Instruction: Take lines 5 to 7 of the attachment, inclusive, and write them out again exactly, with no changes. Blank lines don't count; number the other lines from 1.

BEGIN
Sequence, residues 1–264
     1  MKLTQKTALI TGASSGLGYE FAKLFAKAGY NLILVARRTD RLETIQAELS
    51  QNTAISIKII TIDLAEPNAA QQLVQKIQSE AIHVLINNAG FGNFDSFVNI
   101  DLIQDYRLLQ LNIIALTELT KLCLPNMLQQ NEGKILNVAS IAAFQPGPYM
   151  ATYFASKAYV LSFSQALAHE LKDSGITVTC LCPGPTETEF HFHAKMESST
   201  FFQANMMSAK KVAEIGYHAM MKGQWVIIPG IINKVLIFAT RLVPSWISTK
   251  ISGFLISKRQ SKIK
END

   151  ATYFASKAYV LSFSQALAHE LKDSGITVTC LCPGPTETEF HFHAKMESST
   201  FFQANMMSAK KVAEIGYHAM MKGQWVIIPG IINKVLIFAT RLVPSWISTK
   251  ISGFLISKRQ SKIK